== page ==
Schools Face Hefty Monthly Fine If They Don’t Change Mascots

Because of a law passed last year, some schools in this state that failed to change their American Indian mascot will soon face hefty fines.

By Rick Gonzales | Published

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American Indian mascot

For over a year, the Colorado Commission of Indian Affairs (CCIA) has worked to rid schools across the state of derogatory American Indian mascots. The commission has already helped relieve over two dozen Colorado schools of their mascots and now, as the states mandated compliance date nears, they are targeting seven additional schools. Those who fail to meet this deadline will be facing a wallet-busting fine.

Senate Bill 21-116, passed last year and signed into law by Governor Jared Polis on June 28, 2021, gave schools one year to comply with eliminating their American Indian mascot by name and likeness or face a $25,000 fine. The huge fine is not a one-time-only but instead, a once-a-month fine for every month a school would be non-compliant. The seven schools now falling under the commission’s eye sport the “Thunderbirds” as their mascot.

While not officially added to the list of banned American Indian mascot names, this action could take place as early as May 19, which CCIA executive director Kathryn Redhorse says is the next quarterly meeting. This would give newly added schools only two weeks to fully comply. This means they would have to remove all likeness and wording attributed to the derogatory mascot name.

American Indian mascot

“If you’re going to put us on there this late in the day, give us a little time to make the changes,” said David Crews, superintendent of Sangre de Cristo School District in Mosca, to the Colorado Sun. His school took on the Thunderbirds name and mascot when two school districts in the San Luis Valley merged in 1960. “This puts us between a rock and a hard place — we’re not on the list now but do we start making changes? If we don’t respond now and we get on there we don’t have a lot of time for compliance.”

Crews claims he has yet to be notified by the CCIA about the April meeting, discussion, and decision. He put in a call to Redhorse as well as Attorney General Office officials and was told that if Thunderbirds were to be added to the list, they could cover up trophies baring the American Indian mascot image. He was also told they could have students who wear uniforms with the likeness turn them inside out to cover the image.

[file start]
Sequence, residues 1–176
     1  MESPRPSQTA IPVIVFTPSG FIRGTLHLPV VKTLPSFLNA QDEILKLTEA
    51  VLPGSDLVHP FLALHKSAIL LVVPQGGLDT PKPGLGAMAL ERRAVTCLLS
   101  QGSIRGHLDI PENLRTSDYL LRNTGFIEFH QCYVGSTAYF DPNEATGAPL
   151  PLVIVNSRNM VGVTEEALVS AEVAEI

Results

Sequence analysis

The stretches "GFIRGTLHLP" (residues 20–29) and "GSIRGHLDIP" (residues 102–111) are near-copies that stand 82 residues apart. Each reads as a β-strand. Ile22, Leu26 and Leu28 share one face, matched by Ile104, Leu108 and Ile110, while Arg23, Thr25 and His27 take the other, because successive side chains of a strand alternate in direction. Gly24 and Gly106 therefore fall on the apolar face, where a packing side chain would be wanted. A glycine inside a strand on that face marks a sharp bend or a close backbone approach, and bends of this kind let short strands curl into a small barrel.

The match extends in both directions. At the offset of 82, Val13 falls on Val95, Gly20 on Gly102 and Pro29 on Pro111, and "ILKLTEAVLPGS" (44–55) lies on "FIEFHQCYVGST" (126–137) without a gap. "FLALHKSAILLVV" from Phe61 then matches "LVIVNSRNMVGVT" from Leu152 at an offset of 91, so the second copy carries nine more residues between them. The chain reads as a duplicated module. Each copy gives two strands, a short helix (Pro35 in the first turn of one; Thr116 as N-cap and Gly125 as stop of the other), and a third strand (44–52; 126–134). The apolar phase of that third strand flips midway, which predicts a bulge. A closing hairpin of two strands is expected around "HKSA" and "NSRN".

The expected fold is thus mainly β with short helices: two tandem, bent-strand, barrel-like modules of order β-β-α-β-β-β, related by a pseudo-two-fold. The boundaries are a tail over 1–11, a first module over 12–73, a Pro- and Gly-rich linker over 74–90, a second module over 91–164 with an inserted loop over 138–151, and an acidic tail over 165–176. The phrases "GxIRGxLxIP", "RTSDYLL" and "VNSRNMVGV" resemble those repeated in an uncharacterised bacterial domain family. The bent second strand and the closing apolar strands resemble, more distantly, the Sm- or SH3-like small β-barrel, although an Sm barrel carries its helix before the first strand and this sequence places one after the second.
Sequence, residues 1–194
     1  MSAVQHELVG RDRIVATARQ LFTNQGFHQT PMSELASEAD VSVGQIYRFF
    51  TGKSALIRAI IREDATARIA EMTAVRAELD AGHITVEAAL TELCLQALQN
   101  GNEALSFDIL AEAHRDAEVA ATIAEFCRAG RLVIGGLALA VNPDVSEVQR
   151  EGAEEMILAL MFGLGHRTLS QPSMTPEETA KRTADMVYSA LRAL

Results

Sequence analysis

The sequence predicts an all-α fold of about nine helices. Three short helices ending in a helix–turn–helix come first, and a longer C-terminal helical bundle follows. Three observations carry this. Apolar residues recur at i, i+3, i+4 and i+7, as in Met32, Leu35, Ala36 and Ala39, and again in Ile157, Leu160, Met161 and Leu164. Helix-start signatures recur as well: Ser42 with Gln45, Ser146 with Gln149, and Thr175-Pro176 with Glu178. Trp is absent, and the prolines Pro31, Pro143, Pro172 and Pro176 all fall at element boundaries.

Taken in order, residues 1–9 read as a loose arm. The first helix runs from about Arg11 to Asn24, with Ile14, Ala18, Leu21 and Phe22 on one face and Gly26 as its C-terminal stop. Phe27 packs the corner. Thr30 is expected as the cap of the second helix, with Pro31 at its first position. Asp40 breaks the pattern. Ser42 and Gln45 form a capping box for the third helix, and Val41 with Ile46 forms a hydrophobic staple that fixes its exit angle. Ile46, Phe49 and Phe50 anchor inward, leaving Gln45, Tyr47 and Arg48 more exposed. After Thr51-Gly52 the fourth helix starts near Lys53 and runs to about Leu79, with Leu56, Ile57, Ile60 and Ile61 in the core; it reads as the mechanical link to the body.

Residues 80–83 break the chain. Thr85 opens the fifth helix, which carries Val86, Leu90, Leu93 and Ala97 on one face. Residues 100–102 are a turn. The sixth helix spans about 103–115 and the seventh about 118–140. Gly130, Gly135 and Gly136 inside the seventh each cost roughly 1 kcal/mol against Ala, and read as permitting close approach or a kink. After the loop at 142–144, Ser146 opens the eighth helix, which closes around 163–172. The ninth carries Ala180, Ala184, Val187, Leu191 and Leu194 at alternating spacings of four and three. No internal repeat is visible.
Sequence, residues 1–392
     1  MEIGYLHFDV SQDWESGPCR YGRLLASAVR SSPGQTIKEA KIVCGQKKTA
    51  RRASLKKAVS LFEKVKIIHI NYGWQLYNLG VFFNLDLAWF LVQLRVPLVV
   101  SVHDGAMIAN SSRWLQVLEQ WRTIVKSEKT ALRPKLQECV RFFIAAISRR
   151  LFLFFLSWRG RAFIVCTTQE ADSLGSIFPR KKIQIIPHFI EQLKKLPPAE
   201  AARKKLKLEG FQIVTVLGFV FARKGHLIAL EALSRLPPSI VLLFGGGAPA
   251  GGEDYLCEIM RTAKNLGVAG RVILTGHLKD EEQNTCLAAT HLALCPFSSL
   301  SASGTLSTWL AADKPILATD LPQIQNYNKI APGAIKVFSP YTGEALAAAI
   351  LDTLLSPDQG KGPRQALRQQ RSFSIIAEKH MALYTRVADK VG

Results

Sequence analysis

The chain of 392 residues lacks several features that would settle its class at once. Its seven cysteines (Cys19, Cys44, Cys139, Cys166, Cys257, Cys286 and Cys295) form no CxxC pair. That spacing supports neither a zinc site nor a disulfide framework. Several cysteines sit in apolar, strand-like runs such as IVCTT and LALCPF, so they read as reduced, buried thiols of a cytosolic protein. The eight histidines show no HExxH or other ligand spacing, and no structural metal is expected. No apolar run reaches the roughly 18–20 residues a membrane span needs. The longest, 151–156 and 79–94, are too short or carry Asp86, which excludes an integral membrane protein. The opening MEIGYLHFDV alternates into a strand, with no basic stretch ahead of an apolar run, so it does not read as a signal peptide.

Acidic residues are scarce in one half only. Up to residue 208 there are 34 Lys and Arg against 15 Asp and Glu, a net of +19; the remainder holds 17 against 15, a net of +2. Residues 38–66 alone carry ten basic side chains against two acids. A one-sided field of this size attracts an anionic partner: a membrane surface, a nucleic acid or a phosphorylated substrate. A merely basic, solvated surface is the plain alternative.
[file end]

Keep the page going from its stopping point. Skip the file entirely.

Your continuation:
When pressed for more clarification on SB21-116, Governor Polis’ office didn’t answer questions and only stated that “SB21-116 does not provide guidance for extending the deadline for public schools to come into compliance beyond June 1, 2022. The Colorado Commission of Indian Affairs is committed to implementing SB21-116 and partnering with schools to ensure their compliance with the law.”

American Indian mascot

So, why Thunderbirds? What makes this mascot and name offensive? The Thunderbird is a mythical bird that finds itself an important part of a number of different indigenous cultures. But is it offensive? Jacob Price is a counselor at Johnson Elementary in Montrose and he feels there is nothing at all derogatory surrounding the Thunderbird name or image. Price, who is a member of the Pawnee Nation, says the Thunderbird’s distinction as a mythical creature removes it from being a negative American Indian mascot stereotype. “I’m not aware of the Thunderbird ever coming up in previous work,” he said. “I don’t recall it being on any list.” Price says that real birds such as owls, hawks, and eagles are way more significant to many Indian tribes.

When SB21-116 went into effect, it gave the CCIA 30 days to identify the schools within the state that were using banned American Indian mascots. Their original list included over two dozen schools. But the funny thing is of that original list, only one school (Johnson Elementary) had the Thunderbird mascot. The other schools across the state that had this same mascot were not put on the list. This caused a lot of confusion for Johnson Elementary, especially given the fact that the mascot image with some of the other schools was virtually the same. The image below represents both Johnson Elementary in Montrose, CO, and Johnson Elementary in Fort Collins.

The other schools that have Thunderbirds as their mascot claim they have not been notified by the CCIA that they need to remove their mascot. Another school on the list, Hinkley High School in Aurora, says its mascot was named after the U.S. Air Force Thunderbirds and therefore should not have to drop the name. You can see their alleged American Indian mascot below.

Removing derogatory American Indian mascots in both name and image is something seen at all levels, from public schools up to professional sports teams. Cleveland just got rid of their baseball team “Indians” name and replaced it with “Guardians.” The NFL’s Washington team removed the “Redskins” name and logo, replacing it with “Commanders.” There are many more team names and logos under discussion, so expect more change in the future.